That computes $\phi = \frac{1+\sqrt{5}}{2}$. You put the numbers in first, and then say what to do with them. This might look obtuse, but it can make long expressions much easier to type in. Because there are no brackets, you don’t need to remember to close them. And if the same fragment appears more than once in the expression, you can just duplicate it on the stack, instead of typing it all out again. I’ve been using an RPN calculator for a few years now, and I get a warm mathmo feeling when I think about all the time it’s saved me.

But there are a couple of things that regularly trip me up. Once you’ve performed a calculation, you can see the result but you can’t see how you got there, so when you’ve got a couple of long numbers sitting on the stack and you can’t remember which is which, you just have to start again. And if you want to repeat a calculation but with a slightly different starting value, you’ve got no choice other than to type it all in again.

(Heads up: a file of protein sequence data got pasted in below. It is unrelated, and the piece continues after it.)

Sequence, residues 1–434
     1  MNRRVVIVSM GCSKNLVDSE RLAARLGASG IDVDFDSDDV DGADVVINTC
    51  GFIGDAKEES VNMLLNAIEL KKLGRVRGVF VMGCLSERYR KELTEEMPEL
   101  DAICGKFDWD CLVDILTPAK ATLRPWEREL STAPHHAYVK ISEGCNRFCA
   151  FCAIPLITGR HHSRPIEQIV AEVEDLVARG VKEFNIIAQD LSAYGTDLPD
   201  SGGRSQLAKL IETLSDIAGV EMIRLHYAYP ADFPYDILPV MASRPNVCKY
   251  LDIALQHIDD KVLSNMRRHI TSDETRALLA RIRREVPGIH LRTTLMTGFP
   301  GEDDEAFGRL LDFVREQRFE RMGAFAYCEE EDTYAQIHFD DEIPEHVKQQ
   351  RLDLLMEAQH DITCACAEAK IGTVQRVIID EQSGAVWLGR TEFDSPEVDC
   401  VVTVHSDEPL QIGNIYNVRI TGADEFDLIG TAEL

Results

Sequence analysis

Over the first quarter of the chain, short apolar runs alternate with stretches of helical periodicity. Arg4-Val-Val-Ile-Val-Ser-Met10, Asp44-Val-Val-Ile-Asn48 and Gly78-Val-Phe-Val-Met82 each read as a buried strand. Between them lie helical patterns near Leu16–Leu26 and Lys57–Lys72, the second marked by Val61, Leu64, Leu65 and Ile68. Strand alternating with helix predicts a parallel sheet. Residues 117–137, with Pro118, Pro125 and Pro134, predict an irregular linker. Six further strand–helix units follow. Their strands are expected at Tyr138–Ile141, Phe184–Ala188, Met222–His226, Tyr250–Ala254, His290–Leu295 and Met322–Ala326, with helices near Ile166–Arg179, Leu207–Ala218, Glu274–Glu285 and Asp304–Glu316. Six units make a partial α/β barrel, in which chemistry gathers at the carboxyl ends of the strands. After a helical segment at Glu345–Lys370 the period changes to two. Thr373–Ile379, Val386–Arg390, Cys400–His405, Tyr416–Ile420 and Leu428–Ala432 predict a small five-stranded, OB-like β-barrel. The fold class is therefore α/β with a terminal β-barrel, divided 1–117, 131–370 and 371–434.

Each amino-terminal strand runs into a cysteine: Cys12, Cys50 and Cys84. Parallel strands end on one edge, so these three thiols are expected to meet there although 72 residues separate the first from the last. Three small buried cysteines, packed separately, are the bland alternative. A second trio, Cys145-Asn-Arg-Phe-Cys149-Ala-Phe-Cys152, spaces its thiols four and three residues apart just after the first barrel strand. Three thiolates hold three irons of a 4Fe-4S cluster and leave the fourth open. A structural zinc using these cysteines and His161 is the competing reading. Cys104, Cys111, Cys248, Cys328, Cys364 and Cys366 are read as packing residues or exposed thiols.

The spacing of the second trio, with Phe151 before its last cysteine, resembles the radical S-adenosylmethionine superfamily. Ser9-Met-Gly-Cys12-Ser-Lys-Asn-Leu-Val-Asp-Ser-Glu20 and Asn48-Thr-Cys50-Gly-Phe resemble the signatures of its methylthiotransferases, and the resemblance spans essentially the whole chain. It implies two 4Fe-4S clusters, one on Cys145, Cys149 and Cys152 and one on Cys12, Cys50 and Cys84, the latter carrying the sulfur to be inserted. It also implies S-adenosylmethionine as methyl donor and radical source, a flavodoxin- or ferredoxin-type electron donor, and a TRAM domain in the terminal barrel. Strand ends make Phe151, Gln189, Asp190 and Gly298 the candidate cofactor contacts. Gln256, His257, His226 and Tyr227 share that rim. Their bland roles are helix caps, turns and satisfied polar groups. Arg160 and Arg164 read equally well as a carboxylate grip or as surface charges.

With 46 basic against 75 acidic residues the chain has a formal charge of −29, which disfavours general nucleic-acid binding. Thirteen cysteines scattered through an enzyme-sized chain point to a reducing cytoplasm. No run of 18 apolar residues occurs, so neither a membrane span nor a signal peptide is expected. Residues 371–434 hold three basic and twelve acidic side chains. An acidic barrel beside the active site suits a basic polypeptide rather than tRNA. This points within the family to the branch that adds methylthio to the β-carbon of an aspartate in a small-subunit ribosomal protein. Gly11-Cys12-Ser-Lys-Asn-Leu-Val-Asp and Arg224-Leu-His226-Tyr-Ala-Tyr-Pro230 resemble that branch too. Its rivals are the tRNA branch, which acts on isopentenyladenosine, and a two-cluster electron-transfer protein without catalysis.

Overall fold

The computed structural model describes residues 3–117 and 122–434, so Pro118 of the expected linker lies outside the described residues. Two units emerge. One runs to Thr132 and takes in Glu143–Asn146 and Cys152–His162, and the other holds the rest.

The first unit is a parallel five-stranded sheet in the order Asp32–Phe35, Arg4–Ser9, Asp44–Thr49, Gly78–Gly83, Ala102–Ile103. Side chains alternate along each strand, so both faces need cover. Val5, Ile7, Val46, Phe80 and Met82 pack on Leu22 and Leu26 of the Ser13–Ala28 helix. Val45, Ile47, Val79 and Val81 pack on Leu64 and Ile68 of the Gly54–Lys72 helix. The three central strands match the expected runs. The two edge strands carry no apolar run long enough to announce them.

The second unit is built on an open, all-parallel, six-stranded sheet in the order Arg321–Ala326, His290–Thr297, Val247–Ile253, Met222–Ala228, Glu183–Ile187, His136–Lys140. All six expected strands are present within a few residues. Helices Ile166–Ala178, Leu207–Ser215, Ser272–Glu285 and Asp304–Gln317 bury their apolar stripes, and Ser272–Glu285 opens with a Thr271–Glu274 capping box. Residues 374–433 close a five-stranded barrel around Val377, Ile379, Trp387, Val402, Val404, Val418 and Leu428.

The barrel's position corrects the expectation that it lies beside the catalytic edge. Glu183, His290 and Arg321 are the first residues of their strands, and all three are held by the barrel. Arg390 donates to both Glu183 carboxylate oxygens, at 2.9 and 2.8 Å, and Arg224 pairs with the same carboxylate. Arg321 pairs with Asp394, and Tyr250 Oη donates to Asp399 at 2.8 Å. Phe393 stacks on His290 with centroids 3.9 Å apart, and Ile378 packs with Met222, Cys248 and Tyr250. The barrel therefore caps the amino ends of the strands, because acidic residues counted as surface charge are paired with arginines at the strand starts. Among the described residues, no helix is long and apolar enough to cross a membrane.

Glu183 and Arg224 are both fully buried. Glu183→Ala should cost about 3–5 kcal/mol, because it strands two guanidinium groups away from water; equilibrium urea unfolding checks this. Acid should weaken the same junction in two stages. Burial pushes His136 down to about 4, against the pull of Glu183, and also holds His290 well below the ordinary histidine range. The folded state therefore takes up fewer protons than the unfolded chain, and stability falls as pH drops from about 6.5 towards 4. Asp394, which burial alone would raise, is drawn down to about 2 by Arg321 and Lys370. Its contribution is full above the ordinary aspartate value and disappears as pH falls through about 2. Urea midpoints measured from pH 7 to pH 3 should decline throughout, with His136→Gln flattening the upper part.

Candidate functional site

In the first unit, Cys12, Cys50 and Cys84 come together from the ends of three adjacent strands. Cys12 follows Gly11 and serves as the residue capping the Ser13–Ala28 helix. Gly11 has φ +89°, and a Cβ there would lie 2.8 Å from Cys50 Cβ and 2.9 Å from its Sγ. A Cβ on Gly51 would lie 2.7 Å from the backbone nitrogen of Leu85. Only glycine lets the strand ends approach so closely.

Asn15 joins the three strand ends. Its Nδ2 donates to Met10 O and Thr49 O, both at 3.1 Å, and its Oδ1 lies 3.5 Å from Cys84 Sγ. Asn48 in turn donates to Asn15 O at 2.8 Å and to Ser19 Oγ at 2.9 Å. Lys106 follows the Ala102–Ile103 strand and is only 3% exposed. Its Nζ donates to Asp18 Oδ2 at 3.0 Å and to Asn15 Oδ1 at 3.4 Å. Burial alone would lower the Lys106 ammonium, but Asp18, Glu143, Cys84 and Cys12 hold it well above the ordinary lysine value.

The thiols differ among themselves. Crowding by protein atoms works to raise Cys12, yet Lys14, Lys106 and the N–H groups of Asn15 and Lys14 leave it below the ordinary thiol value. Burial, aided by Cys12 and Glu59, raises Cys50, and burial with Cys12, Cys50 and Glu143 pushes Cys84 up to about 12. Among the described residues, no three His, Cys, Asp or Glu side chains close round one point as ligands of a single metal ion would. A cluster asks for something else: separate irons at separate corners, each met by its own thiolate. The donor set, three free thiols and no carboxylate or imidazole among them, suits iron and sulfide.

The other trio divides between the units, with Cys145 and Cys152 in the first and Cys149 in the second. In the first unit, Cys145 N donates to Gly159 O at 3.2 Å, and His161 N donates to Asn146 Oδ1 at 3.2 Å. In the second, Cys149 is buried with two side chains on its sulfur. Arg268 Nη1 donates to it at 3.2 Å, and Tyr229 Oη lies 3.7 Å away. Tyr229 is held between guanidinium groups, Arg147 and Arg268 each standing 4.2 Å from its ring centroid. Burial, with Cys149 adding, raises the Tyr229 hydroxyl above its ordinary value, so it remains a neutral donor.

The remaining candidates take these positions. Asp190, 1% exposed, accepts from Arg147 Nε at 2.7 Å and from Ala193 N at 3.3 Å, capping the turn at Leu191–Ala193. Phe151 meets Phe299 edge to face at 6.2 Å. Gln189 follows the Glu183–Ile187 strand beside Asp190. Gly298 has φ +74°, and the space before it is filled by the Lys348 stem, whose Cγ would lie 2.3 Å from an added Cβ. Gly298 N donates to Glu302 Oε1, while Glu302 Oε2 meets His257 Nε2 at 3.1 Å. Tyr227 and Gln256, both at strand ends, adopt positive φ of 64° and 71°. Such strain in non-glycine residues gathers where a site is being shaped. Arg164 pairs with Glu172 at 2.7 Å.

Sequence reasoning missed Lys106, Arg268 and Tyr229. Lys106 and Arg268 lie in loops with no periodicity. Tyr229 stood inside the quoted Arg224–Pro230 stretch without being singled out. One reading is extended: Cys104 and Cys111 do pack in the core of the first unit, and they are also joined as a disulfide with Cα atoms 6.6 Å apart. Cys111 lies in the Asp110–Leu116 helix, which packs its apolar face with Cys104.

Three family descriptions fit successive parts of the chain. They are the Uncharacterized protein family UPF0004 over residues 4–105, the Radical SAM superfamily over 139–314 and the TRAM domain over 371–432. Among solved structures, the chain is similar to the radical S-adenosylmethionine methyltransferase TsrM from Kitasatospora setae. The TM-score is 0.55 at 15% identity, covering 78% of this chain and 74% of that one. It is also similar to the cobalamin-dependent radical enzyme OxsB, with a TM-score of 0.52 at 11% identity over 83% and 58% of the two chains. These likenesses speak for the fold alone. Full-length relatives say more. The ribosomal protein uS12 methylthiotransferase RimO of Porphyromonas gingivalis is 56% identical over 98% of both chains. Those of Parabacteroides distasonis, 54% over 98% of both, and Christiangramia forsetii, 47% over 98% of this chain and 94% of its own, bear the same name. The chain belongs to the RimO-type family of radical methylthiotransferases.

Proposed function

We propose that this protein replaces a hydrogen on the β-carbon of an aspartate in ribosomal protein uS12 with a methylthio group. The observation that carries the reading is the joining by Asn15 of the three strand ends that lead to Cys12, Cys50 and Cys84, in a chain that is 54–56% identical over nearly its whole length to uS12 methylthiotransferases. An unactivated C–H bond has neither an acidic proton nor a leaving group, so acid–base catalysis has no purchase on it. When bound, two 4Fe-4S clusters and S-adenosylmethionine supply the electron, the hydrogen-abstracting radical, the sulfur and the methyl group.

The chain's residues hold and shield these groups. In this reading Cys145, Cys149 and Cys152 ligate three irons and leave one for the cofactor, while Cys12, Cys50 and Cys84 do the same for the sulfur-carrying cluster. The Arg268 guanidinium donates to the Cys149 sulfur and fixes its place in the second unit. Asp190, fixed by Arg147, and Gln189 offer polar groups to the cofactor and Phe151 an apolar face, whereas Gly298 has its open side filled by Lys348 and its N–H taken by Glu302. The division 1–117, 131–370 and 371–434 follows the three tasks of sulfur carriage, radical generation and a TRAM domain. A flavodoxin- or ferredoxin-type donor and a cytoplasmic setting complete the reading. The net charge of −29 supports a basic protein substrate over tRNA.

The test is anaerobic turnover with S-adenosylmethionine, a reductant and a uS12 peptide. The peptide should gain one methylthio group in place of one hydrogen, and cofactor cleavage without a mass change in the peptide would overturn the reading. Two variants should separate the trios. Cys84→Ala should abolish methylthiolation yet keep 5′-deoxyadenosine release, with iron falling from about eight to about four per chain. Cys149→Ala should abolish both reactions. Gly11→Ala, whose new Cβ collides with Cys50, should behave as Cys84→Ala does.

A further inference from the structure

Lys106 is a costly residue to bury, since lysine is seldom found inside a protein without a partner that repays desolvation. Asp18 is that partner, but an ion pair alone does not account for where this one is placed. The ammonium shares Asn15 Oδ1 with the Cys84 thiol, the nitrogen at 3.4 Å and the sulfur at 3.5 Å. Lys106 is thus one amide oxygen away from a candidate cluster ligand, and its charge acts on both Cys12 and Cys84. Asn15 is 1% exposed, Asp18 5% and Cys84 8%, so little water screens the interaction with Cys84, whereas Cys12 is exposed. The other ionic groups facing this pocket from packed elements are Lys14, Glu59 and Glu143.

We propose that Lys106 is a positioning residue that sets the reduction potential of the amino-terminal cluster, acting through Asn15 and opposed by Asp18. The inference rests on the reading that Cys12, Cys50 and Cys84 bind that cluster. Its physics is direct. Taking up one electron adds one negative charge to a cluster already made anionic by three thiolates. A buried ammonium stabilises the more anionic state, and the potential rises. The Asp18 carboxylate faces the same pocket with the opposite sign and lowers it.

So, about halfway through my marathon of testing, with thumbs sore from tapping calculator buttons, I decided there was nothing for it except to make my own calculator. It would mainly be like RealCalc, but do something to solve those two problems. I headed straight to my favourite gaudily-decorated coding environment, Glitch.com, and set to work.

In this case, I think the day or so I spent making the calculator was worthwhile. I’ve been using the new calculator to finish off my testing duties, and it feels much better to use: I can do calculations quicker, and I lose track of what I’m doing less often.